Breaking Out? These 3 Pore-Clogging Ingredients Might Be to Blame
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You cleared out your expired beauty products, simplified your skincare routine down to a few steps and cut out processed sugars, but you continue to suffer from pesky whiteheads and tender acne cysts. It’s possible that it’s hormonal, but it might also be the ingredients in the products you use every day. Ahead, a clinical aesthetician unveils the three most common pore-clogging ingredients that might be the very reason you’re breaking out.
Meet the Expert
What’s Considered a Pore-Clogging Ingredient?
“Pore-cloggers are comedogenic ingredients in skincare and cosmetics that are thicker than our natural oils and therefore create a plug inside of our pores,” informs Gronich. When an ingredient’s molecule size is larger than our natural sebum, they block our pores, causing breakouts to form.
“These ingredients are the hidden culprit behind many breakouts and are found in about 90 percent of products.” That’s a lot.
Now, before you embark on the most intense spring cleaning of your life, Gronich notes that people can react differently to various ingredients depending on their skin type. For example, “Those who are genetically acne-prone are far more likely to have consequences when these ingredients come in contact with their skin,” versus those with dry skin. People with sensitive or combination skin may experience minor blackheads or some congestion. And as she explains on CLEARSTEM’s TikTok, diet and lifestyle habits can play a role in the clarity of your complexion as well.
Are ‘Natural’ and ‘Organic’ Ingredients Less Likely to Clog My Pores?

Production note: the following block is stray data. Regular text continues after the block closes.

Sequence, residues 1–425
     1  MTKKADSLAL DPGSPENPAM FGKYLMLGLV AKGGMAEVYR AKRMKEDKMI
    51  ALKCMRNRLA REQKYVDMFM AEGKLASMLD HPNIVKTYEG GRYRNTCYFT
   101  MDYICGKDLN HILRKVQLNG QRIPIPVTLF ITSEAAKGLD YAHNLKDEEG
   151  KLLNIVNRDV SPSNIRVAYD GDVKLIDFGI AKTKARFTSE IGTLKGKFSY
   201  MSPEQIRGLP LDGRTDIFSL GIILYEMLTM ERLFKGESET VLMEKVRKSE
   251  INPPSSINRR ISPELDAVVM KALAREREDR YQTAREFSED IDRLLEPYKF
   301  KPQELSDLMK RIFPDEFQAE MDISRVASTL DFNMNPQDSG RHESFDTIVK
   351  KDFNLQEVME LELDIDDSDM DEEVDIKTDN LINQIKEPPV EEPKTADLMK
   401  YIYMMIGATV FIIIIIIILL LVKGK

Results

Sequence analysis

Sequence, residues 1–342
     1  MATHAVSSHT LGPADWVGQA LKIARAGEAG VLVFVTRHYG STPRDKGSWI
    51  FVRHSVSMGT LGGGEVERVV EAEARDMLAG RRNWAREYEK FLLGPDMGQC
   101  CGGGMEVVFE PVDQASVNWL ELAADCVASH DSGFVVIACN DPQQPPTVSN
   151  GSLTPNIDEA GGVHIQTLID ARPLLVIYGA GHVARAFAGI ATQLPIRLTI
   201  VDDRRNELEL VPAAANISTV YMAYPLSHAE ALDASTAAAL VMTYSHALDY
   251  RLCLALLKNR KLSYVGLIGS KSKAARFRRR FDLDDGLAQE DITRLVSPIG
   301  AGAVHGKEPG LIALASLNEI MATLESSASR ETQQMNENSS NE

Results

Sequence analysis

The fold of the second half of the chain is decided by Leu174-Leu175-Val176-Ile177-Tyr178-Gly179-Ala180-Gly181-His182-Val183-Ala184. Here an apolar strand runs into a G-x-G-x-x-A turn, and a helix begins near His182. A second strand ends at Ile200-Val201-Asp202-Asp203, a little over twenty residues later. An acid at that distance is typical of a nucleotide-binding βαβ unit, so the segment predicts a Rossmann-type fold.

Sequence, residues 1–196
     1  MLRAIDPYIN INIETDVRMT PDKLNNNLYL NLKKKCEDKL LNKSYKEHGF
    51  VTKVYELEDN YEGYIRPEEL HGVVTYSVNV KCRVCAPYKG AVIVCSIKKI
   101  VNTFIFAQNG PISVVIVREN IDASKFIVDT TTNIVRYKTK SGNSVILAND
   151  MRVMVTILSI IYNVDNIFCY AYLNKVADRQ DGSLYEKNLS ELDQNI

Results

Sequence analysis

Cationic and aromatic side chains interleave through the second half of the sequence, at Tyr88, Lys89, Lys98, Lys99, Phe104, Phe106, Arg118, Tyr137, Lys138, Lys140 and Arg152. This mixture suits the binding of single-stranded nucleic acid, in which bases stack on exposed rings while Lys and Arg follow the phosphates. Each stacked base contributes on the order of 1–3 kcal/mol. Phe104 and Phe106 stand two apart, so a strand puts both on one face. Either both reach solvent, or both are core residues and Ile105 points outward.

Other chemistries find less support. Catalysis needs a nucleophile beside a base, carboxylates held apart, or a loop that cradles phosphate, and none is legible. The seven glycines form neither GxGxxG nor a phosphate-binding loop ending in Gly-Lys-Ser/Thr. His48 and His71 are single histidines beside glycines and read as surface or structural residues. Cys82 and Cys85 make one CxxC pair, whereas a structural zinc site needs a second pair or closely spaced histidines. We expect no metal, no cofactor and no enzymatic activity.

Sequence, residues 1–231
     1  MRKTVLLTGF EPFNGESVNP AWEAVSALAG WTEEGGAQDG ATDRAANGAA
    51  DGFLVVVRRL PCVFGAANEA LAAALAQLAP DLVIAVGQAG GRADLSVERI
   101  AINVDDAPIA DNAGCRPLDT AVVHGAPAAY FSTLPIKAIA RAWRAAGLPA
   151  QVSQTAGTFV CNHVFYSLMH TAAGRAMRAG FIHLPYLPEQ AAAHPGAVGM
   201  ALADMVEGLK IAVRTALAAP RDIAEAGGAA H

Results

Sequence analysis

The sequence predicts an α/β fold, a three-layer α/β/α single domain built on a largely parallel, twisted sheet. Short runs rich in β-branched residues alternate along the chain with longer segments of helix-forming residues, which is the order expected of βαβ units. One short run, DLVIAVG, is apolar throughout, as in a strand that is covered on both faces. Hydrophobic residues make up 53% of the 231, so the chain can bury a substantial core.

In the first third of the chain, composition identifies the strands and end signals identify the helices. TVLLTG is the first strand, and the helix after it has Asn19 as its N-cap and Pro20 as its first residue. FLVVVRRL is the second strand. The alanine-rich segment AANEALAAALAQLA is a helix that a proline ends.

We hate to break it to you, but ‘natural’ and ‘organic’ designations don’t mean much when it comes to preventing breakouts. When applied to skincare products, these ingredients can be just as pore-clogging as anything else,” explains Gronich. She adds that molecule sizes aren’t taken into consideration when a brand labels a product as ‘natural’ or ‘organic,’ so one of these seemingly ‘good-for-you’ products can actually end up causing more harm than good.
3 of the Most Common Pore Clogging Ingredients
OK, it’s time to get to the nitty gritty. In case you didn’t already know, there’s a comedogenic scale that ranks ingredients on how likely they are to clog pores. In other words, this five-point scale is your new BFF when it comes to finding products that won’t congest your skin. Any ingredients deemed a one or two on the comedogenic scale shouldn’t break you out.
But if you’re not familiar with certain ingredients—especially those with hard-to-pronounce chemical names—fret not. CLEARSTEM has a page dedicated to pore-clogging ingredients, showcasing a list of over 100 commonly found ingredients our acne-prone skinned gals will want to stay away from. To help get you started, here are three pore-clogging ingredients that Gronich says to avoid.
1. Shea Butter
Considering that we love to use shea butter for all sorts of reasons like soothing our dry, cracked skin or alleviating our mosquito bites, it hurts to discover that it can clog our pores. Although it technically falls in the non-comedogenic category, some sources report that people with acne-prone skin are more likely to get clogged pores while using shea butter compared to those with dry skin. The reason? The thick, creamy fats found in shea butter can cause excessive sebum production in already oily skin, which leads to clogged pores.
2. Ethylhexyl Palmitate
Hidden in many popular cosmetics, ethylhexyl palimate is a fatty alcohol- and acid-based ingredient that’s most commonly added to formulas as an alternative to silicone. Basically, it’s a cheap oil derivative that has a long shelf life, making it appealing for brands wanting to cut costs. It’s reportedly high on the comedogenic scale, so it’s best to avoid this ingredient altogether as it can cause irritation and breakouts.
3. Coconut Oil
A few years ago, our beauty editor had some questions about the burgeoning hype around this popular pantry item as a DIY skincare solver. And she was right to take a magnifying glass to this ‘natural’ oil that people were slathering on their faces and hair by the bottle, because it turns out that “coconut oil, by nature, is far thicker than our natural sebum. Therefore, it will clog our pores regardless of whether it is organic or not,” informs Gronich.
Our parting advice? Check the labels, ladies.
Products for Acne-Prone Skin to Shop
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